Gold prices break out to 8-year highs on rising demand

Central banks have been the catalyst for the rise in the price of gold


Gold prices have been rising and have broken through 8-year highs as rising demand is driving up the price of the yellow metal. Central banks have been the catalyst for the rise in the price of gold, and looking forward hedge funds could help push prices to multi-decade highs. From March through mid-June of 2020, gold prices have moved in tandem with riskier assets such as stocks, but it appears that the correlation has broken down. The recent drop in the US dollar has also created tailwinds for gold prices.

Gold Demand is Rising

Gold demand has been rising year over year, as some central banks are stocking up their reserves using gold instead of the US dollar. Most of the gold demand around the globe comes from jewelry.

Next, it is mostly used as an investment asset. Central bank's demand is approximately 15% of total demand but it appears to be growing. Central banks led by Russia and China have increased their stake in gold reserves purchasing approximately 374 tons of gold in 2019. As the US has increased trade tensions around the globe, adding tariffs to influence countries like China, the demand for US dollars has declined. This has been replaced with purchases of gold which continue to rise. Additionally, the risk and uncertainty of the US economy in the wake of the COVID pandemic have created a stronger demand for an alternative to the US dollar which has paved the way for higher gold demand.

What is also clear is that hedge funds are in the process of buying more gold as an investment. According to the most recent commitment of trader’s report released for the date ending June 23, 2020, hedge funds added 31,863 gold contracts to their long positions in gold. Each cold contract on the Chicago Mercantile Exchange holds 100 ounces of gold. This increase is equivalent to 3.18 million ounces of gold. The total open interest for hedge funds that are long gold futures and options contracts has increased to 205,519 contracts compared to 29,855 contracts that are should gold futures and options. This is offset by gold producers who are using the rising price to hedge future gold prices.

Hedge Fund Open Interest Can Rise

While the hedge fund open interest might seem large, and the increase is supportive, hedge funds have historically held more gold, as recently as February of 2020. As you can see in the chart of gold prices relative to the commitment of traders numbers, large speculators (hedge funds) were long 353,869 contracts of futures and options as of February 17, 2020. This could mean that hedge funds could increase their long position in futures and options pushing up the price of gold substantially as they purchase another 72% of the open interest to get back to the levels that were seen in February of 2020.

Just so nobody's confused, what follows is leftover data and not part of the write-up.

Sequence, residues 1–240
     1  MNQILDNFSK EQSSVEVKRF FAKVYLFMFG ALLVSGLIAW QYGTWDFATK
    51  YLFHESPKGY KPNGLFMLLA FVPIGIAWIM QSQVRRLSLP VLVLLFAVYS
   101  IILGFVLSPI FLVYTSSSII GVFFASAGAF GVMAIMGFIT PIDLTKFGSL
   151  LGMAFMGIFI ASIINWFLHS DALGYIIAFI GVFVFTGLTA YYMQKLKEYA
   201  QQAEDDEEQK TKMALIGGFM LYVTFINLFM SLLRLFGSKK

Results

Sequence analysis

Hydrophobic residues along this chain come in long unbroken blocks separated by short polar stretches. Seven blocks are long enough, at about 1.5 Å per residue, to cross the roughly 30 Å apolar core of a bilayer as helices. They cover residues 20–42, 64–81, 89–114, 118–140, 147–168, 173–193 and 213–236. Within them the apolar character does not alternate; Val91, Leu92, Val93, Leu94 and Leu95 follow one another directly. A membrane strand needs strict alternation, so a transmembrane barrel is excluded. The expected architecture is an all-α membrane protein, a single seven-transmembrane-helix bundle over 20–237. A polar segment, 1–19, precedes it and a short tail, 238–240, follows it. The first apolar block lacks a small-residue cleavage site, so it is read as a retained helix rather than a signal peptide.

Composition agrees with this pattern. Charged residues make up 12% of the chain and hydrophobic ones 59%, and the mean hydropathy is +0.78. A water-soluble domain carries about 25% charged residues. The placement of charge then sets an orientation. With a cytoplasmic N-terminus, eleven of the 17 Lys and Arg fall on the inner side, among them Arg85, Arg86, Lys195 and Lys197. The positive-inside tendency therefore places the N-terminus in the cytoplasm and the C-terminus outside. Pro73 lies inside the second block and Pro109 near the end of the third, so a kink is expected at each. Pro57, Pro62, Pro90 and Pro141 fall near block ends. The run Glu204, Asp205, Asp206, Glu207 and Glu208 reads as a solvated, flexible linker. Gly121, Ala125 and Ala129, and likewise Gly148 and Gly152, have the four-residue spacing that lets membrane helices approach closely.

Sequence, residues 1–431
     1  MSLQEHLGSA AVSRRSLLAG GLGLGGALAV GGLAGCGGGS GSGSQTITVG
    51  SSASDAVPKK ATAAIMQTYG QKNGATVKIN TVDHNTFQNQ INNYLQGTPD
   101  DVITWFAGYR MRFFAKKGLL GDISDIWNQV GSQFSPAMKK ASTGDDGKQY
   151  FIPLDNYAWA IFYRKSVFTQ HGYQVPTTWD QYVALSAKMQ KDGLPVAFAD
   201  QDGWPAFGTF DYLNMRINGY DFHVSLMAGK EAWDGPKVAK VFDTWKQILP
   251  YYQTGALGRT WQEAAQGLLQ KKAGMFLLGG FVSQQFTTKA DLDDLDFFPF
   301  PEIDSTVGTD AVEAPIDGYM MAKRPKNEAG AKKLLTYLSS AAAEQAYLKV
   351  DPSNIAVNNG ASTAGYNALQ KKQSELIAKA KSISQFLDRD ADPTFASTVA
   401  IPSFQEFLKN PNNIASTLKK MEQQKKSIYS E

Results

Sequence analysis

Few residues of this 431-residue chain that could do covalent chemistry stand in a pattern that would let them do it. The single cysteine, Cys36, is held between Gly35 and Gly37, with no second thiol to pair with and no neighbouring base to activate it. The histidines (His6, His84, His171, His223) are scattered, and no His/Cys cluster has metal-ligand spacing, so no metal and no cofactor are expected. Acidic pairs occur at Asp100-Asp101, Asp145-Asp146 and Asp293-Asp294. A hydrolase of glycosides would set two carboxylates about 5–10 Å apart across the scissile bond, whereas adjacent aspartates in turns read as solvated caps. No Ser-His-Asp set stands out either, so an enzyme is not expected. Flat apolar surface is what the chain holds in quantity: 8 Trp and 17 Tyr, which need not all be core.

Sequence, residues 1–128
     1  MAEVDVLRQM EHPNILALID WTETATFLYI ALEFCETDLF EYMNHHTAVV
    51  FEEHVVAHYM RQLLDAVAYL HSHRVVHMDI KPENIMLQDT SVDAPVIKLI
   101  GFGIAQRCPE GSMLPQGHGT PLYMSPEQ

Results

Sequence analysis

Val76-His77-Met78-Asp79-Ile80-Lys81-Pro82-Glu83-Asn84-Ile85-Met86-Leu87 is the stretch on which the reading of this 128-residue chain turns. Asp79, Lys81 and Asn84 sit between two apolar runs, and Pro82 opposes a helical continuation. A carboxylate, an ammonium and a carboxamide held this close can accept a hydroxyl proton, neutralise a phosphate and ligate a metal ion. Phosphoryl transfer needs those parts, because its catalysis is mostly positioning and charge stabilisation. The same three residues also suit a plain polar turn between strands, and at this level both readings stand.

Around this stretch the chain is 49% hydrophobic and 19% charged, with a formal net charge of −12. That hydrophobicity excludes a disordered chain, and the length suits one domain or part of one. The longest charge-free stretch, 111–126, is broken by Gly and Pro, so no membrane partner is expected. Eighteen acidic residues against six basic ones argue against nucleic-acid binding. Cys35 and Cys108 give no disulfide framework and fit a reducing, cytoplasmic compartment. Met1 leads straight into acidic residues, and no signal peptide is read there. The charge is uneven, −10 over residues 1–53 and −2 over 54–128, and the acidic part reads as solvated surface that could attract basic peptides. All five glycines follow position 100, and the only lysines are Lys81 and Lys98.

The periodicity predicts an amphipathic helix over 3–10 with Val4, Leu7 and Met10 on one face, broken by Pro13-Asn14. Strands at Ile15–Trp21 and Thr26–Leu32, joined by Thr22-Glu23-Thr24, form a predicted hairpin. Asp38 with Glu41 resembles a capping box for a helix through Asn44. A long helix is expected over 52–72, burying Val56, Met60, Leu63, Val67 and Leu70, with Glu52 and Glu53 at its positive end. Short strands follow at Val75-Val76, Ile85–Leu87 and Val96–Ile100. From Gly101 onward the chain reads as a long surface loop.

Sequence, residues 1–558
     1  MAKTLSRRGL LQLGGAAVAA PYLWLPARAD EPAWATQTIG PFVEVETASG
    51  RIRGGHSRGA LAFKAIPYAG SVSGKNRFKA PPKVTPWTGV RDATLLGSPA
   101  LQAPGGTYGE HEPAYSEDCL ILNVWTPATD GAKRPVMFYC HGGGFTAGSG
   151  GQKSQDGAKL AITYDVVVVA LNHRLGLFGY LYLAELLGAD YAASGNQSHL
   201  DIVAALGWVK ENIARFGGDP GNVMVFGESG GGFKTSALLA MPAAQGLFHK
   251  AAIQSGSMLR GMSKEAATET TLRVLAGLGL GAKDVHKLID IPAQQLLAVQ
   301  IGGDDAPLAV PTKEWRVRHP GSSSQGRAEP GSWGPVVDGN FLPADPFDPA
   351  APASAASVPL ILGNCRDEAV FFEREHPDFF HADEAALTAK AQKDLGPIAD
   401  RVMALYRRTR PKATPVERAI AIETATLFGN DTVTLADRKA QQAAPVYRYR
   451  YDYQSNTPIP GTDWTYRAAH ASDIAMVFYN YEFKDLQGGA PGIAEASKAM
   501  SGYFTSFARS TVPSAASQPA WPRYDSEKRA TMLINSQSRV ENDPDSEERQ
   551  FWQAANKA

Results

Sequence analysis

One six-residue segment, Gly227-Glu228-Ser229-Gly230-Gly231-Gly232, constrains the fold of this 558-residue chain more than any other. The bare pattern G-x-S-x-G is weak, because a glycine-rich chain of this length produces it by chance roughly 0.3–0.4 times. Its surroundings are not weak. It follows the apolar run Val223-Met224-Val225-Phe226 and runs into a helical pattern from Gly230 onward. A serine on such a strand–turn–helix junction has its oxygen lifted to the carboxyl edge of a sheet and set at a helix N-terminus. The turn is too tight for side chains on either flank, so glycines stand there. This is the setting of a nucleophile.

The Dollar Has Generated Tailwinds

In addition to the addition of hedge funds into the fray, gold trading has continued to experience tailwinds due to a decline in the US dollar. In March, April, May, and June the Federal Reserve announced a monetary policy that has helped reduce US interest rates. It initially started with the Fed cutting rates by 150-basis points which were followed by a reduction on rates to zero. The decline in US rates relative to many of its counterparts (such as Europe, Japan, and the UK) reduced the interest rate differential in short term interest rates. This makes up the forward curve and puts downward pressure on the US dollar.

Additionally, as the coronavirus has spread throughout the United States generating a new wave of the pandemic, traders have exited their long positions in the dollar which has helped buoy gold prices. Gold is quoted globally in US dollars. When the dollar rises, it makes gold more expensive in other currencies which needs to be offset by a decline in gold prices. When the dollar declines in value the opposite occurs helping to buoy gold prices.

The Bottom Line

The upshot is that gold prices are rising due to several factors including a falling dollar, and rising demand from both hedge funds and central banks. The decline in the dollar as a reserve currency around the globe has led many central banks to purchase gold bullion. The outlook for gold prices is positive. Not only have they broken out to fresh 8-year highs, but hedge funds are now just adding to positions that could take the yellow metal higher. Prices are likely to test resistance near the October 2012 highs near 1,796. A break of this level would lead to a test of the 2011 highs at 1,921.

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